However, Ulruck makes a literally fatal mistake. If ever I become an evil, rapey overlord, I will not fall asleep next to the woman I just violated. It’s right up there alongside “taking a bath with a woman I raped,” in terms of stupidity. Liana wastes no time, stabbing Ulruck to death. However – and this is actually an interesting plot twist – doing so plays right into Rena’s hands, as she can now take over. Did she throw the battle against Liana, knowing what would happen, and giving her a patsy to kill the incumbent? Well played, if so. She shoots Liana with an arrow, and locks her up alongside most of her pals, to avoid Rena’s sadistic pleasure.
And the woman certainly has imagination. As shown top, Harvey and Bella are first up, tied together and made to stand in the middle of a platter of spikes – golden, natch. They have to maintain their balance while Rena whips them, yelling things like, “The bed here is quite comfortable! You can lie down any time you wish!” But while she’s distracted, Liana’s chimp – remember him? – sneaks in and frees the captives, with the help of a set of keys our heroine had lifted from Ulruck, and hidden in her panties. Yes, a chimpanzee turns out to be the real hero here, which says a lot about the intelligence of the other characters. It’s too late for H+B though, as they finally collapse onto their pointy demise.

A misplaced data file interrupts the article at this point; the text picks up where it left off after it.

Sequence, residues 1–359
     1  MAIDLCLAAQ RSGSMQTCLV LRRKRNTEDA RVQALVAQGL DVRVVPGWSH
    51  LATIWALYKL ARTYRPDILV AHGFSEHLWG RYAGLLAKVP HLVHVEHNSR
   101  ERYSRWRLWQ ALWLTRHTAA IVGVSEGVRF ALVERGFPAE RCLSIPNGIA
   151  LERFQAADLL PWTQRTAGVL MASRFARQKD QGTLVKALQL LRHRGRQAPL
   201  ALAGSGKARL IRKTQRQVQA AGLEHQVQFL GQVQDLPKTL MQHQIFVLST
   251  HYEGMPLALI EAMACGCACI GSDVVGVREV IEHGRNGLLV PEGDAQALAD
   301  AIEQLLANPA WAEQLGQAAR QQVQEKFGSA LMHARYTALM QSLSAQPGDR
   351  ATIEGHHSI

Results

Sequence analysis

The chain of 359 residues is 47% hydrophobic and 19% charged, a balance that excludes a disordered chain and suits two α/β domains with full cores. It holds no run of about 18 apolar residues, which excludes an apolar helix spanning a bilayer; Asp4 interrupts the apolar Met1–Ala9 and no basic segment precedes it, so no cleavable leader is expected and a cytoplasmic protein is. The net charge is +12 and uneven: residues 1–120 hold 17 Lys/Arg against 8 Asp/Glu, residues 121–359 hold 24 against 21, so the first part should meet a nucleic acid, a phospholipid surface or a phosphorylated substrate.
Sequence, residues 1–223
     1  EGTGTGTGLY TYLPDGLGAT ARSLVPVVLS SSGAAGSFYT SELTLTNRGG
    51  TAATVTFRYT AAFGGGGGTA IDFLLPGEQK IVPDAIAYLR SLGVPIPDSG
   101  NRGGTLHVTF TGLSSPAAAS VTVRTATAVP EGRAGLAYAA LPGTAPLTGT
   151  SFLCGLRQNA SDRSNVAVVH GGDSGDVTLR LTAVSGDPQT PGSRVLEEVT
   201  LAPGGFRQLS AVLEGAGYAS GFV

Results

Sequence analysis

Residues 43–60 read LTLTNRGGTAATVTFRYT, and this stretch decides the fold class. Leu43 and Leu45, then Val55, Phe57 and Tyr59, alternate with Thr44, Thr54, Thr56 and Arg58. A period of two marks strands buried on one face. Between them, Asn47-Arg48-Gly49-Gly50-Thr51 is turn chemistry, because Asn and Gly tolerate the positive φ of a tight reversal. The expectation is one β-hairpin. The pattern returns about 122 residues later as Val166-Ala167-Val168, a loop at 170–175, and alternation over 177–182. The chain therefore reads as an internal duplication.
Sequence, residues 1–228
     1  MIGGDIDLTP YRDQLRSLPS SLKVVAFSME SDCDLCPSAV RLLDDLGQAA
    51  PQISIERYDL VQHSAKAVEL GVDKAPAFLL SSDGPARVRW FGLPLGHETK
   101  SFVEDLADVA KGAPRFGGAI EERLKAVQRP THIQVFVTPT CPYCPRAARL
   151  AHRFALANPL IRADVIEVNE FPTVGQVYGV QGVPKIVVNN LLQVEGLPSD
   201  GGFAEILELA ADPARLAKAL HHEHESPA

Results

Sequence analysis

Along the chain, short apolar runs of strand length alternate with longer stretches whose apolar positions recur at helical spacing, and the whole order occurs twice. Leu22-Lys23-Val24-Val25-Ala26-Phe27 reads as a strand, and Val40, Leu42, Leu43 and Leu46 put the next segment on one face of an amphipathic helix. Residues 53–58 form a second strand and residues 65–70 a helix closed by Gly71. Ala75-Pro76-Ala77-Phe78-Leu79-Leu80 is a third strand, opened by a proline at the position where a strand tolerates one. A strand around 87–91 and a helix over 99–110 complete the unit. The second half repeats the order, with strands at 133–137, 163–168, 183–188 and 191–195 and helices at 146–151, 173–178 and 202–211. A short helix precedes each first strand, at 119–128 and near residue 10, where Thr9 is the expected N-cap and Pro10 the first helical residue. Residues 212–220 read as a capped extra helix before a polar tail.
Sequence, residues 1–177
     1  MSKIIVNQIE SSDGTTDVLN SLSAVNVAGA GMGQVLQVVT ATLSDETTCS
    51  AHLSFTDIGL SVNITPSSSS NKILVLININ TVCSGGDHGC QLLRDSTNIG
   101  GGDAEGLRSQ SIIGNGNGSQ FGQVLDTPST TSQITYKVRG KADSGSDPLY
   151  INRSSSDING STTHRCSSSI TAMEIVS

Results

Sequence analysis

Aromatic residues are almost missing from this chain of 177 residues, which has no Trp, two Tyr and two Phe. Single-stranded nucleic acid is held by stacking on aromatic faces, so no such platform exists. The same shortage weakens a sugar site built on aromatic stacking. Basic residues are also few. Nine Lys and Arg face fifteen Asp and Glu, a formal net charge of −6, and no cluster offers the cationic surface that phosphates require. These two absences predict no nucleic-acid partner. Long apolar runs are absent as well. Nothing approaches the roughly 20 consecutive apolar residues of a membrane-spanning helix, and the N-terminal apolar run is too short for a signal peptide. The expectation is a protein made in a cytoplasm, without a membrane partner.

Also from the “If ever I become an evil overlord” file… I will search my captives carefully to ensure they are not carrying any explosive material which could be used to cause my death. Rena’s failure here leads to her doom: remember Koukou’s “magic fire”? [How long ago it seems now…] He’s still got it, and uses it to blow her up. Liana frees the captives, and strongly suggests the rest of the Amazons might want to catch the next flight home to Stockholm or something, now their leaders are dead. Koukou, meanwhile, has run off to claim credit for everything, telling his fellow tribesmen “Koukou’s magic stronger than evil.” What a dick. Liana hooks up with Bud and they ride off on an elephant – giving us one final look at her dirty pillows, naturally.
To be honest, this wasn’t as bad as I feared. There was, admittedly, far too much wandering through the jungle or underground corridors; the production values were terrible; the story made little or no sense; and most of the performances were functional at best. But I’m a sucker for a good, unrepentant villaness, and Eva León certainly delivered in that category. She kept the film from imploding into complete tedium, when most of the other elements had failed to do so.